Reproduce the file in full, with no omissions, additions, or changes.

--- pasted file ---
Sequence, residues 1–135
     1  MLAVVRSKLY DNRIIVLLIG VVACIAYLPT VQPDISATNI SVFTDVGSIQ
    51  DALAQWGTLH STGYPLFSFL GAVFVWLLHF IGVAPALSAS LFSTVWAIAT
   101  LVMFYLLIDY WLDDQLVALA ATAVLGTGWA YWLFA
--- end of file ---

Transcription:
Sequence, residues 1–135
     1  MLAVVRSKLY DNRIIVLLIG VVACIAYLPT VQPDISATNI SVFTDVGSIQ
    51  DALAQWGTLH STGYPLFSFL GAVFVWLLHF IGVAPALSAS LFSTVWAIAT
   101  LVMFYLLIDY WLDDQLVALA ATAVLGTGWA YWLFA